Is the Shoggoth curse lifted?
A daring and entirely insane group of talented Swedes recently succeeded in staging the unstageable musical, in their own excellent Swedish translation, En shoggoth på taket. The show was the highlight of Miskatonicon, a weekend of Lovecraftian goodness in Stockholm, attended by fans from throughout Europe and across the world. Three robust performances of the show played to packed houses and received lengthy standing ovations.
Led by director/producer Jenny Heldestad, the inventive cast and crew solved some of the show's unsolvable technical problems quite impressively. The gigantic Cthulhu foot which came down and smashed Herbert and Prudence was outstanding, as were the very clever and beautifully sculpted Deep One masks by Anders Muammar. Even some of the simpler effects, like the opening of the Miskatonic Library and the ancient tomb, were very satisfying. The delightful cast of twenty-one players added lots of great little touches to a very strong foundation. Led by the strong performance of Ola Nilsson as Henry Armitage, other standouts included Maria Wikström as Prudence, Magnus Åberg as Herbert West, Elin Jakobsson as Lavinia Whately, and Tobias Wrigstad as Old Man Marsh. Martin Lysén and Niclas Stockenstrand provided excellent comic relief as Carter and Warren, and Malin Toverud was the most adorable ghoul ever seen on stage.
The musical numbers were generally quite well staged, with the excellent accompaniment of the Cthulhu Klezmer band: Qaryn Hallberg (contrabass), Magnus Perlerius (piano), Aron Ambrosiani (trumpet), and Olof Somell (clarinet). The "Shoggoth Prayer" number was both beautiful and deeply disturbing, while the zombie chair-dancing in "To Life" was hilarious. The audience could not help but clap all the way through "If I Were a Deep One," and the final number, "Miskatonic," was actually rather moving.
Teater Tentakel did an excellent job with limited resources, and might just have broken the Shoggoth curse. Here's hoping that their triumph will inspire other theatre companies around the world to produce the unproduceable, and bring an even higher level of technical and artistic sophistication to the show.Teater
The Doom that Came to A Shoggoth on the Roof
There are some things that man was not meant to adapt to musical theatre, and A Shoggoth on the Roof has long been regarded as a musical that cannot and must not be produced. The original 1979 attempt to stage it ended in mysterious failure. A daring Chicago theatre company, Defiant Theatre, was prepared to take on the cursed show and stage the world premiere in Chicago this October. A theater space was rented and work had begun on the production. However, under threat of legal action by Jerry Bock and Sheldon Harnick, the composer and lyricist of the beloved classic Fiddler on the Roof, Defiant has regretfully decided it must cancel the production. Shoggoth is, once again, silenced.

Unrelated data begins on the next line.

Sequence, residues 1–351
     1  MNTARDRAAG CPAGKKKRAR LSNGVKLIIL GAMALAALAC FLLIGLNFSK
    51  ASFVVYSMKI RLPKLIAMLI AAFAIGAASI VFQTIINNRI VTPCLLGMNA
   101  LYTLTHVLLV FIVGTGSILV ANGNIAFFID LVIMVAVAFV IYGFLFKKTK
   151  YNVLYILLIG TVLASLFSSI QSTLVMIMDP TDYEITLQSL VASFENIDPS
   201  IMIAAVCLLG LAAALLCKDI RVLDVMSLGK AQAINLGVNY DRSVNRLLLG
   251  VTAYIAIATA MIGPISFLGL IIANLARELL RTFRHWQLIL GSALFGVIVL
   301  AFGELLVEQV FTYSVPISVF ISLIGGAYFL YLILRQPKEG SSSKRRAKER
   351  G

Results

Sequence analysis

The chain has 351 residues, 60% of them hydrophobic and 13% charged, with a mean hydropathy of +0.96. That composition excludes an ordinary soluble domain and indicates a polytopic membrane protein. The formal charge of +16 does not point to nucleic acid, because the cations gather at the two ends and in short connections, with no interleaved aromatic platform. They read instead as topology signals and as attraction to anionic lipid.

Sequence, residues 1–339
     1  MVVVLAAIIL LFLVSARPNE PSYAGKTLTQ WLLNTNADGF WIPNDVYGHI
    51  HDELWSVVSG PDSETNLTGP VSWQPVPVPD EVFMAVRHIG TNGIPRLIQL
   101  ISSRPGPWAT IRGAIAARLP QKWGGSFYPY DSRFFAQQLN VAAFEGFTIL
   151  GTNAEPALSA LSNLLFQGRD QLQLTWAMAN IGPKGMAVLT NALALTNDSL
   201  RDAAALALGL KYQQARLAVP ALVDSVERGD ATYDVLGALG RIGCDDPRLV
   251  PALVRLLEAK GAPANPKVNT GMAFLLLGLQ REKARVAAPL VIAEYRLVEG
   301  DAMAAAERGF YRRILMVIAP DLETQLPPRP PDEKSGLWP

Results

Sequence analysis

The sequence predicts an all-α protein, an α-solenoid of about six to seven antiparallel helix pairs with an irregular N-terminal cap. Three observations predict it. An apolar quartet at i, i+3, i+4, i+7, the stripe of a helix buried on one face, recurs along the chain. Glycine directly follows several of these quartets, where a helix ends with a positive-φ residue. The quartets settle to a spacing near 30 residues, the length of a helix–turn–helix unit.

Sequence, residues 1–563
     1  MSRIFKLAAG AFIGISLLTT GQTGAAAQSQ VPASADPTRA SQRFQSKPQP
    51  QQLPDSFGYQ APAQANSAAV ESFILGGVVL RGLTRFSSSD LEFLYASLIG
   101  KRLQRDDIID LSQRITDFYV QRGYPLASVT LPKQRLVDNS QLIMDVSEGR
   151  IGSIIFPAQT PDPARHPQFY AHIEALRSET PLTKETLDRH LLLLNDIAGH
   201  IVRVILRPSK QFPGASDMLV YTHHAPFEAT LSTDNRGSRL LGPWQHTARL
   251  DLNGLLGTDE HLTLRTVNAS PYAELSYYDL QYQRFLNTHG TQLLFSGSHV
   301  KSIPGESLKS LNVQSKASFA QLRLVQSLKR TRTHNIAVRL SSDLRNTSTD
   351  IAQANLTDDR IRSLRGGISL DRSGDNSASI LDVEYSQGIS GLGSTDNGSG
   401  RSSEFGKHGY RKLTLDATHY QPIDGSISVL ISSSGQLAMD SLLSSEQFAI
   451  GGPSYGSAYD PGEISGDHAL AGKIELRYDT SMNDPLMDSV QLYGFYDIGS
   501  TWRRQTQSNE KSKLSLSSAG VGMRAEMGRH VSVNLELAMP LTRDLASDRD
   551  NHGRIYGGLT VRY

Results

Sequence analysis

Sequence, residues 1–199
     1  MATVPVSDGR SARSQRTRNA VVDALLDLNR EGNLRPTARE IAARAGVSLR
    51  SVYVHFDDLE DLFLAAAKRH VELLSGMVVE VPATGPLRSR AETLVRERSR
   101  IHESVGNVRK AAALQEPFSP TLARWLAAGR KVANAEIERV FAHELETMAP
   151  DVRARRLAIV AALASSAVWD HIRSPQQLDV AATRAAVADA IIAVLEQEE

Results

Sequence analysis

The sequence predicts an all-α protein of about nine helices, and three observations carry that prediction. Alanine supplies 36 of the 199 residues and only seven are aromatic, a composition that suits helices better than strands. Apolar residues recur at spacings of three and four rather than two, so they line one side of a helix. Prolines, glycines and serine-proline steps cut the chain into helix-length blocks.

A Shoggoth on the Roof is a parody, and parody is a fair use well protected under US copyright law. Although neither HPLHS nor Defiant Theatre are (or would have been) in the wrong, neither organization has the financial strength to withstand an onslaught from the great old ones Bock and Harnick and their legal servitors. Insanity rules yet again.
The show has a life of its own, and we cannot predict what may happen next. The Shoggoth may yet climb to the rooftop again. Meanwhile, for the many people who told us they were eagerly anticipating a trip to Chicago to see the show this year, we suggest go to Portland, OR and attend the HP Lovecraft Film Festival instead.
The HPLHS has created a professionally-produced CD featuring all eleven numbers from A Shoggoth on the Roof, performed by a small hoarde of professional singers and crazed thespians. Hear MP3 samples of tracks like Shoggoth Prayer or Tentacles. The album will remain available for the time being, but quantities will be limited. Get yours while you still can!
The book and lyrics of A Shoggoth on the Roof were written some time during the early 1970s, by a person whose name we are not permitted to reveal. A former member of the HPLHS, this unnamable person was later institutionalized, and an agreement with his family prevents us from giving his identity. However, the HPLHS has at last acquired the rights to publish the script.
The Stage Production
In 1979 the Other Gods Theatre, a troupe of Los Angeles thespians, began production of the all-dancing, all-singing theatre extravaganza: A Shoggoth on the Roof. It is not known how or where they acquired their copy of the script, although evidence suggests it differed from the version in the possession of the HPLHS.
In 1999, long-time Lovecraftian writers/producers Sean Branney and Andrew Leman managed to obtain a forgotten press release and the only known copy of this footage from A Shoggoth on the Roof. With these clues, they set out on a relentless mission: to learn who would actually attempt to stage a Lovecraftian musical, and what happened when they did. The result is A Shoggoth on the Roof: the Documentary.
A Shoggoth on the Roof: the Documentary premiered at the H.P. Lovecraft Film Festival in Portland, OR and Salem, MA in October 2000, and was later screened at the NecronomiCon, 5th Edition, in Providence, Rhode Island August 17-19, 2001.
All materials © 2000 Branney/Leman